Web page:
Monday, June 24, 2024
Smart Phones

Galaxy A55 vs Pixel 7a: Low cost, good value


Samsung has already kicked off 2024 with a bang, launching the Galaxy S24 series earlier than usual. It’s by no means ready to call it quits for the first half of the year, though, as it has a full roster of mid-range devices yet to update.
One of those is the Galaxy A55, which is likely coming very soon. The upcoming mid-ranger will be succeeding the Galaxy A54, one of Samsung’s more important announcements in 2023, and will hopefully right some of the wrongs that we disliked on the Galaxy A54.

Which one of these would be the better affordable phone to get in 2024? While we don’t know everything about the Galaxy A55 just yet, the basics can be compared!

Galaxy A55 vs Pixel 7a differences explained:

Table of Contents:

Design and Display Quality

Candybars are never going out of style

Both the Galaxy A55 and the Pixel 7a don’t stray away from the classic and well-established candybar paradigm. Standard devices, with standard design and traditional exterior. Both the Galaxy A55 and the Pixel 7a are glass-aluminum sandwiches, but each has a unique design element.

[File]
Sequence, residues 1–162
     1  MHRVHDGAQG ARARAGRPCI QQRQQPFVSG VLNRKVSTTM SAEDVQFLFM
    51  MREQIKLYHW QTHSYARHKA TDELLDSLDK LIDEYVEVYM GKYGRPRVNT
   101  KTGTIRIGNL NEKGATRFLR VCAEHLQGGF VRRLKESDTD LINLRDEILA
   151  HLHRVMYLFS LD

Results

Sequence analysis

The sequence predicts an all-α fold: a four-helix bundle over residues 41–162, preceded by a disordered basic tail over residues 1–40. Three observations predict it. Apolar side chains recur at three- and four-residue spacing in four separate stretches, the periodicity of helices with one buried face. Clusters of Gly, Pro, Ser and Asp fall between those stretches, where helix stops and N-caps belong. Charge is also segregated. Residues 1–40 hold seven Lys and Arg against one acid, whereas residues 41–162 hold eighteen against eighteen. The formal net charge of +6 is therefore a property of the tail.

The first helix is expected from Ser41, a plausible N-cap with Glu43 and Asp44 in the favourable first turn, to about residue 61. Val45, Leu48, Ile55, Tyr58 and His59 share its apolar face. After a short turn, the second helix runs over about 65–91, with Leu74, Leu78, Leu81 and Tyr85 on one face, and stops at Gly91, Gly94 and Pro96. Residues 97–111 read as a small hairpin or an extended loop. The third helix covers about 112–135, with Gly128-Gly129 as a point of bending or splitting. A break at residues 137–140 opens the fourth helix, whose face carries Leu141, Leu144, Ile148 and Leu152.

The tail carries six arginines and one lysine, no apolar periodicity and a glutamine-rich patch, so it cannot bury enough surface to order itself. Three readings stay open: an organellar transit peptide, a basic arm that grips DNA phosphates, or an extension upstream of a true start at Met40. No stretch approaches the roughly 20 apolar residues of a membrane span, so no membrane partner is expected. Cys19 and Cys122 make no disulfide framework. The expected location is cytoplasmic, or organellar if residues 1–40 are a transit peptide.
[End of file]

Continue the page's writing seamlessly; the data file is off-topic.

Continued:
On the Pixel 7a, we have the metal 3D Visor which houses the dual cameras and imitates the flagship Pixel 6, Pixel 7, and Pixel 8 series. Sure, it scuffs easily and might not be everyone’s cup of tea, but hey, it surely fits into Google’s unique recent design language. 

Meanwhile, the Galaxy A55 comes with the so-called Key Island, which is a bump on the right side of the frame. It houses the power button and the volume rocker. An intriguing design element, for sure. 

Both phones are IP67-rated and will endure submersion into water up to 1 meter for 30 minutes, which should give you a peace of mind.

Now, both phones have it pretty differently when it comes to displays. The Galaxy A55 will be the much larger device, reportedly coming with a 6.5-inch FHD+ OLED display, possibly brighter than last year’s Galaxy A54 by a fair margin. It will most certainly support 120Hz refresh rate and HDR, too.

Meanwhile, with the Pixel 7a, we get a 6.1-inch OLED screen with a 90Hz refresh rate, so we are getting a smaller display that’s not as smooth. It might be much dimmer, too, as the maximum brightness isn’t great. Surely, the display could be one of the weaker aspects of the Pixel 7a

Performance and Software

Exynos vs Tensor
Each manufacturer puts their own chipset flavor on their respective device. 
Google puts the flagship-grade Tensor G2 on the Pixel 7a, which is the same chip that powered the Pixel 7, Pixel 7 Pro, and the Pixel Fold. So, for the most part, you can expect flagship grade performance that will age well despite being a bit lackluster in terms of raw performance.

Meanwhile, Samsung will most likely put the Exynos 1480 inside the Galaxy A55, which might not be a terribly powerful powerplant either. 

Both devices will come with 128GB of native storage in the base version, which is a standard mid-range amount these days. The Pixel 7a comes with 8GB of RAM, and there’s a very fair chance that the Galaxy A55 will also come with that much for future-proof reasons.